I tried a 3G iPhone the other day, and was AMAZED at how much easier it was to use, type on, and navigate. The larger screen makes all of the screen functions MUCH easier to use - the menus are more logical and less fiddly, and the screen itself is just beautiful. I have a couple of Windows Mobile applications that I will miss (especially my Chess tutorial program), and the lack of stereo Bluetooth is criminal, but overall I think I can live without them just to get a phone that works. Now I just have to plan how to spent 12 hours in line tomorrow night...
And no, I've never owned an Apple product in my life, hardly a fanboi, but I have to hand it to Jobs on this one...
@Maryland, SCREEN SIZE FFS
The Diamond has a VGA 480x640 screen, and so it packs in twice as many pixels as the iPhone. That works out to an impressive 280dpi, and it looks fantastic.
Shame about the battery life, though.
got one - 7/10
I recently got given one for work and my personal phone is an iphone, so comparison is fair.
Funnily enough this seems the right combination. From an interface point of view I prefer the i-phone and the touch screen is far less fiddly than that of the Diamond, BUT....
What I want from a work phone is
1. Portability - diamond takes much much less pocket space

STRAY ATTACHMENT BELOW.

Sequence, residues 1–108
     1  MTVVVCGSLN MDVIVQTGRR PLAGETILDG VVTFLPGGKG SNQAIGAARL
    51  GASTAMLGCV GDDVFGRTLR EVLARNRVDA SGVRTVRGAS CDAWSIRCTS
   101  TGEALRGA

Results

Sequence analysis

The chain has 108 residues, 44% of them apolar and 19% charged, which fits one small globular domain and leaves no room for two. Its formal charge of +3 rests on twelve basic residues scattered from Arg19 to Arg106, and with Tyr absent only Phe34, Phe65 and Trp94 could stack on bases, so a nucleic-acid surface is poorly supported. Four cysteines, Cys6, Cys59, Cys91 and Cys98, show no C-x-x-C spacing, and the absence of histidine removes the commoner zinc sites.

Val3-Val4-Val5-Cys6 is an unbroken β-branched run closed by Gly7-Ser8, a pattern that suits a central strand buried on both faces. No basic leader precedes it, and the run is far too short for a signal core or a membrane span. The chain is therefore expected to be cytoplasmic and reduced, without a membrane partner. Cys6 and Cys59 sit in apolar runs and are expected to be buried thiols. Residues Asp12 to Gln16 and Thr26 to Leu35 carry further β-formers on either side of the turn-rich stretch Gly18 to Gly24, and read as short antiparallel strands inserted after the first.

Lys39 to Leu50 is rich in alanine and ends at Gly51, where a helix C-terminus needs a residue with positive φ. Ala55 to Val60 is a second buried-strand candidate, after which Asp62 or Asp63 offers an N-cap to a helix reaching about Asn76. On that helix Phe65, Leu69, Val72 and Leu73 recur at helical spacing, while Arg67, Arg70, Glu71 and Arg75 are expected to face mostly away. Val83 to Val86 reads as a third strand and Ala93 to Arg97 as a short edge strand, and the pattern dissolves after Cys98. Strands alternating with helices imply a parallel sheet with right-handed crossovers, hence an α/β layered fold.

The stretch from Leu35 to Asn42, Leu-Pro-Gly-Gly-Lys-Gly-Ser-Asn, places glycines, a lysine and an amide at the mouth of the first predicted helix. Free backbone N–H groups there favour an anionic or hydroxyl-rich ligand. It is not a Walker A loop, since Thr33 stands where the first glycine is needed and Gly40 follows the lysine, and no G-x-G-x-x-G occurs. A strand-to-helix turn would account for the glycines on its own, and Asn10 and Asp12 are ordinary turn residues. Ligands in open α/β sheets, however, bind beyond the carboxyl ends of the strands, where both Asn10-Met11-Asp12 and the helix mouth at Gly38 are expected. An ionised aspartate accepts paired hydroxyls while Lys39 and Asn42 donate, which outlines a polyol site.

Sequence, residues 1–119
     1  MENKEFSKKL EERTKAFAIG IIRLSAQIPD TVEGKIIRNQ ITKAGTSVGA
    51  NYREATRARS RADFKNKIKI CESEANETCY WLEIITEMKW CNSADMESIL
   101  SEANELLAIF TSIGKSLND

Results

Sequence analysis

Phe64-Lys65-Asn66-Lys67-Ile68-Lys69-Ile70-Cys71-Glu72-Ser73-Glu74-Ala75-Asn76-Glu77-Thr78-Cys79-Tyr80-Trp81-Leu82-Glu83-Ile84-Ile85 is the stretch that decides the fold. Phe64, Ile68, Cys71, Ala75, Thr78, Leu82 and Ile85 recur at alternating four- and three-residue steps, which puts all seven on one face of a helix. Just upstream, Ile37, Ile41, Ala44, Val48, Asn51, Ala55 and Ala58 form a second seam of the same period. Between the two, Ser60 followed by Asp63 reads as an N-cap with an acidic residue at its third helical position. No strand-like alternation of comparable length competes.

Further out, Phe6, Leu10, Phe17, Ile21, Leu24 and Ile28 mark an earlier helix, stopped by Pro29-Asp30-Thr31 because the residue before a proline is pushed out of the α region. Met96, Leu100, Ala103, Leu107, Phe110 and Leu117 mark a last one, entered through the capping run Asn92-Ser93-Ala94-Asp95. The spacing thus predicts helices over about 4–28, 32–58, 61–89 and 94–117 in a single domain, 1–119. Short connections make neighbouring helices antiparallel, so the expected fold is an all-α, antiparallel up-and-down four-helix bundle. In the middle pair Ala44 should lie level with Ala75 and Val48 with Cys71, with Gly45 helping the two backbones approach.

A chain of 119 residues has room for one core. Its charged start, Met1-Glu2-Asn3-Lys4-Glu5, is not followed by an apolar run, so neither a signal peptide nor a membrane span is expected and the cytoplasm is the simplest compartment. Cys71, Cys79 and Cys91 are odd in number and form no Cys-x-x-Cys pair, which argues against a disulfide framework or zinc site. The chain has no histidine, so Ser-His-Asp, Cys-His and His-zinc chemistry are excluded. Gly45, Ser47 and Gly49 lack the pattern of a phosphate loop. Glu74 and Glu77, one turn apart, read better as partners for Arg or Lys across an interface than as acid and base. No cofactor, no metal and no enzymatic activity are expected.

2. Functionality - Able to read and work on Microsoft docments a real plus without non-prop add ons. Also I do a lot of walking around strange towns (work related - please don't ask), so having GPS on board knocks my current 1.0 i-phone into a cocked hat
Personal opinion is they could have improved the touch screen interface, but otherwise a great little work phone. For a personal phone I would still go with the iphone though!
PS Biggest downside (which is not the phones fault) is the Norwegian OS I am stuck with - thanks procurement for that little gem.
Is the resolution really "480 x 620"?
If so, that would be 4X the normal QVGA offering (320 x 240) and probably more than anyone could use in a 2.8-inch display. If this is s typo, what's the true resolution?
@Neil Greatorex, others
Seriously, what's wrong with Windows Mobile? Apart from it being MS Software so "IT SUXXX COS BIL GATEZ WROTE IT LOLZ"? I bet it'd be a ninth wonder of the world (after Linus Torvalds and his mighty finnish brain) if it was "Linux Mobile".
It's not particularly hard to use- easier than other phones I've had, it has a massive amount of software available for it (and it's quick + easy to write new stuff for it w/ visual studio if there's something you need), and resetting once a week is hardly a hardship if you just do it at night- hit reset, stick on charger, fall asleep.
I follow this routine, and I've been using WM2003/WM5/WM6 for about 3 years on a few different handsets and apart from the occasionally badly cooked alpha-stage custom ROM I've randomly downloaded from the 'net, I've had no major software screw ups. The phone's only run out of battery power on me once and that was due to me losing it for a week with WiFi/BT/3G all turned on.
As far as slooooow OSs go, it's not slow for me. Maybe your network's bundled trillions useless, memory-eating apps with your version? IMHO, it's these that break and these that slow WM down to the horrible thing some people see.
WM6 rocks. Even on my newly-upgraded-to-WM6 2 or 3 year old XDA2s it rocks. Network added apps don't.
@"HTC FOR THE FAIL"AC, it's called a Crackberry as everyone who has one- especially those who use it as a verb (as in "Blackberry me")- are arses.